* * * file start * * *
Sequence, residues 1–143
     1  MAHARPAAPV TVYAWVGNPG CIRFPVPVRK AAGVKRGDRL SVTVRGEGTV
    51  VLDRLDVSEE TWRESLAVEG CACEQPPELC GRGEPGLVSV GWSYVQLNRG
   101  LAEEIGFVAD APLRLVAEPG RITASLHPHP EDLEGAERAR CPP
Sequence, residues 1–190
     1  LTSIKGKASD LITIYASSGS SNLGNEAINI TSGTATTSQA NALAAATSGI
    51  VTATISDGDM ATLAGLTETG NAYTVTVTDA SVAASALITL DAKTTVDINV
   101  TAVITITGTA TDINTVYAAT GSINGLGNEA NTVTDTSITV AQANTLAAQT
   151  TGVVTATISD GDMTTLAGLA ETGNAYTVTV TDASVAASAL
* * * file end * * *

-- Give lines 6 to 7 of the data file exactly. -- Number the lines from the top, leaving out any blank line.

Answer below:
     1  LTSIKGKASD LITIYASSGS SNLGNEAINI TSGTATTSQA NALAAATSGI
    51  VTATISDGDM ATLAGLTETG NAYTVTVTDA SVAASALITL DAKTTVDINV